One of my other negatives for VC FlexFabric is that I have no choice but to split my 10GbE pipe into smaller pipes if I want to run an HBA off the adapter. If I use the exact same onboard CNA without FlexFabric, I don’t have to do that. This can be solved with separate HBA’s, or 10Gb NIC’s, but that negates the alleged cost savings. So now I’m forced to try and guess how much bandwidth I need for each traffic class, when I already own switching infrastructure that is smart enough to do that for me.
In my opinion, this is akin to disabling DRS. DRS is smarter than you, and faster. Why would anyone disable it? Cisco QoS is certainly smarter than me, as is VMware NetIOC. So why would I want to throw some arbitrary limits on my huge pipe? VMware admins understand that shares are better than reservations or limits. The reasoning is the same on the networking side.
There are other problems I see with this solution, but I don’t want to bore you. One complaint I have heard from close associates is the HP recommended method of “stacking” VC modules is problematic. Not only do you have to give up 3 of the 8 ports per module for stacking, but it can create bandwidth issues as well. Recently, a friend of mine had to completely revamp his setup to uplink everything, as opposed to stacking, which was allegedly causing bandwidth problems in his environment. Ohh, and in addition to all this, the FlexFabric module will take FCoE and pass it North as standard Ethernet. So you lose any of the FCoE features provided by your Nexus switch.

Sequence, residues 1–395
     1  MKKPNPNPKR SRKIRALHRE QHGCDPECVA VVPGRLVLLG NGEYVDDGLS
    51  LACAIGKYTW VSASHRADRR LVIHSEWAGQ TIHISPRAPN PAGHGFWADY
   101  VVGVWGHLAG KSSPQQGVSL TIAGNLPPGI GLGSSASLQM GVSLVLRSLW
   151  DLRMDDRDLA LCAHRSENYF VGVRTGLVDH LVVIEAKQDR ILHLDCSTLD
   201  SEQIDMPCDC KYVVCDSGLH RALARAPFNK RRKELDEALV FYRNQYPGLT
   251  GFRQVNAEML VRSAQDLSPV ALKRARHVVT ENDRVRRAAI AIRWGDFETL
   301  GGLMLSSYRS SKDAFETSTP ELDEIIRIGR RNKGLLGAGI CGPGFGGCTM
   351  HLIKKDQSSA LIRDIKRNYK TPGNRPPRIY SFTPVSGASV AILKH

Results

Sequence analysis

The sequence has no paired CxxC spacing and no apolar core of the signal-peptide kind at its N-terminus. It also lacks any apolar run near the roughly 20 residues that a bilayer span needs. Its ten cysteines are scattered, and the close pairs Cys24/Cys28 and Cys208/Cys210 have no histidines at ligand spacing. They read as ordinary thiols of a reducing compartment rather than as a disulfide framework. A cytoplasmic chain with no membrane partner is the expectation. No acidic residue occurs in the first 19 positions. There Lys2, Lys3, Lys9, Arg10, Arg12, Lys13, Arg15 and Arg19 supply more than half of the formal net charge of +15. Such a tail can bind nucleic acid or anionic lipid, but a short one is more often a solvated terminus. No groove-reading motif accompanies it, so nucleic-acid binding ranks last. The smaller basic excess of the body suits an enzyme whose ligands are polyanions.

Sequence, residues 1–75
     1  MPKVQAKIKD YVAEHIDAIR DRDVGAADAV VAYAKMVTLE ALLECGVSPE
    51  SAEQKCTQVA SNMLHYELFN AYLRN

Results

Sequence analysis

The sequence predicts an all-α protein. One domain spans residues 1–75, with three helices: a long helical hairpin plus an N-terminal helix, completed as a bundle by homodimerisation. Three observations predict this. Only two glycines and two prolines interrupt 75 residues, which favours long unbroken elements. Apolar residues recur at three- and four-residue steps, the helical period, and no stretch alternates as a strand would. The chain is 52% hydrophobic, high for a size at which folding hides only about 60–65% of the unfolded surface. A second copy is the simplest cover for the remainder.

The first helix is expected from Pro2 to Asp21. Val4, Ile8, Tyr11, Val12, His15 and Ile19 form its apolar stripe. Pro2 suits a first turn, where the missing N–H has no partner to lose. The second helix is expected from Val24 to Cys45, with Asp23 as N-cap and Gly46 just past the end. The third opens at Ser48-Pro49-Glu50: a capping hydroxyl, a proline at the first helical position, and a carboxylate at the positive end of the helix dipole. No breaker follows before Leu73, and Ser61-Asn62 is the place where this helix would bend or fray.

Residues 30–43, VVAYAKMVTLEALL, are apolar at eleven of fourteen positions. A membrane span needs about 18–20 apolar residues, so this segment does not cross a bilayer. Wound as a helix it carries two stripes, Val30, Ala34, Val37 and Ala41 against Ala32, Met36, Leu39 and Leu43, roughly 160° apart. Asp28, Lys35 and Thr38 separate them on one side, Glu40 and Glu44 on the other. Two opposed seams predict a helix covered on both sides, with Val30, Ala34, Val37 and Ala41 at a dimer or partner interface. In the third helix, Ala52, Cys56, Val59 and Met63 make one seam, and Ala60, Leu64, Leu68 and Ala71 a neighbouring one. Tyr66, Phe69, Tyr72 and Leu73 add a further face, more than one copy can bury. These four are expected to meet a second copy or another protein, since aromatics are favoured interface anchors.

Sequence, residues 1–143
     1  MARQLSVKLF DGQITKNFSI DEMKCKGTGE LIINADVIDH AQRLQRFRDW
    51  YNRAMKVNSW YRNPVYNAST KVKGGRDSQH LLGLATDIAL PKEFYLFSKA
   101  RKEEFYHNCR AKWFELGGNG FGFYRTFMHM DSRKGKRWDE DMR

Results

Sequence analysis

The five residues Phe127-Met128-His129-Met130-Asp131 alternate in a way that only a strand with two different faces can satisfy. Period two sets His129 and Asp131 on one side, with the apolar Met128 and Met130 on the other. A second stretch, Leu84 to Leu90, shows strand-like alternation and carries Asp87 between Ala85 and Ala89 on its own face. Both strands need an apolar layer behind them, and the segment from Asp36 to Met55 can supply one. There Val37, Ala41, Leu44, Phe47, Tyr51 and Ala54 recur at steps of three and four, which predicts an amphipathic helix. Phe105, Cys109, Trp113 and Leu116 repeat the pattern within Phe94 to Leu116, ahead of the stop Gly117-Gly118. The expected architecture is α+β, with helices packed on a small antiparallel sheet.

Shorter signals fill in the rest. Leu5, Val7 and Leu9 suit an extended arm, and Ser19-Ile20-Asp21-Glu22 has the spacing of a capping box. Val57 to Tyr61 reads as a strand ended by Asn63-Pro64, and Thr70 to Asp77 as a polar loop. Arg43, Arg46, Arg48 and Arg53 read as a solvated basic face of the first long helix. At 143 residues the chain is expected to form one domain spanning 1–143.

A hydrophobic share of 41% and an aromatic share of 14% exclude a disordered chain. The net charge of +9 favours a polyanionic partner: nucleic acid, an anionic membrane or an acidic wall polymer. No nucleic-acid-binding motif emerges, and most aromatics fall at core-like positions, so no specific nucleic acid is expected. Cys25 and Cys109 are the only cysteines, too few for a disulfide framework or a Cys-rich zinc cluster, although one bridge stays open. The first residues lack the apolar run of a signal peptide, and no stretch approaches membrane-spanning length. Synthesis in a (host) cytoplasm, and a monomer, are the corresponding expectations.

Companies that are not virtualizing certain applications, but will run them on blades, may find that the advantages of moving around MAC and WWID’s outweigh the potential disadvantages of FlexFabric. Everything on my blades will be ESXi, so I don’t really have a need for quick physical ID recovery.
As of right now, I plan to use passthrough modules on the C7000’s. At least until a better alternative comes out. Passthrough is slightly more expensive on the uplink port side, but it doesn’t prevent my networking team from having end to end visibility and management. And that takes some of the guesswork, and the administration off of my team, which is a good thing! I would be interested to hear your experiences in the comments below.